Policy wonks and academics produce voluminous tomes on sustainability issues, but how to get these before a larger audience? One wonkish think tank hard at work on this problem, the Environmental Change and Security Program at the Woodrow Wilson Center, is producing a series of short films to tell the stories that move these concerns toward a wider audience. The idea is to take complex, interacting factors and show how they affect real people.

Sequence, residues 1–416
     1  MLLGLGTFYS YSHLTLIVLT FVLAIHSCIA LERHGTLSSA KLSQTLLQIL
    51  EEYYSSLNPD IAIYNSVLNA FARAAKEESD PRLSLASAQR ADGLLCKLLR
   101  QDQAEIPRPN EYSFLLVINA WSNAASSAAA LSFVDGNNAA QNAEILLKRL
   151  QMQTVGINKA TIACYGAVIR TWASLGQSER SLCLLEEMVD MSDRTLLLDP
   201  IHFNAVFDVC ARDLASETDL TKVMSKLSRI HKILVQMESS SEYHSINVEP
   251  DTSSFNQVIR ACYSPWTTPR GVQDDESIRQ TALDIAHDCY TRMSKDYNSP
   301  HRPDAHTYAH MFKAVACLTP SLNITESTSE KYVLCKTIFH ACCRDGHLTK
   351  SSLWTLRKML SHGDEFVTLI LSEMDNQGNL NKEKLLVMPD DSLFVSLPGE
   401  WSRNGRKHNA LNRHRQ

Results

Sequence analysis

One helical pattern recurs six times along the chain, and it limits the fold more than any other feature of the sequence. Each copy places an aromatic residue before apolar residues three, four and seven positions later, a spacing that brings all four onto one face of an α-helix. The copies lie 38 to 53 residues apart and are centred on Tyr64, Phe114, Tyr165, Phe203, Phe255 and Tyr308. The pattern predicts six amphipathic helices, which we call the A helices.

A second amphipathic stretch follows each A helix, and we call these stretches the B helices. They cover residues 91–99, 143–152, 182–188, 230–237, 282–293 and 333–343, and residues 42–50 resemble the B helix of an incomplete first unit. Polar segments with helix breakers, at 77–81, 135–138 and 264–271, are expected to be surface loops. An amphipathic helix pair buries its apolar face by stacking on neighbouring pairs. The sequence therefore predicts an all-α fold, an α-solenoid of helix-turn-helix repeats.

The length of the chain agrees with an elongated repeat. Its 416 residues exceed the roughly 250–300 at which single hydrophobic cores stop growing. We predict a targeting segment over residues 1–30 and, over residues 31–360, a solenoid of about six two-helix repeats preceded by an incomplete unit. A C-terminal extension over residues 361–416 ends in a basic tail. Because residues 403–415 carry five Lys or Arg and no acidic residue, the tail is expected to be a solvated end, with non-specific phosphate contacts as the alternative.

Global Trends, Local Stories, a recent forum in Washington, DC, discussed one such nexus, population, health, and the environment, or PHE, as featured in a trio of short films on the New Security Beat website. These films “tell stories that capture the voice of communities,” explained Roger-Mark De Souza, director of Population, Environmental Security and Resilience for the Woodrow Wilson Center. The films share something with Ernest Hemingway’s “iceberg principle” in briefly showing what’s on the surface, implying the vast richness beneath it. In Hemingway’s case this is the emotional life of his characters. In these films, the substrate is an economic, environmental, and social complex that shapes people’s lives in complex ways. The stories are thus a way to begin thinking about a vast underground maze of factors affecting all of our lives, yet focusing on impoverished and stressed regions.

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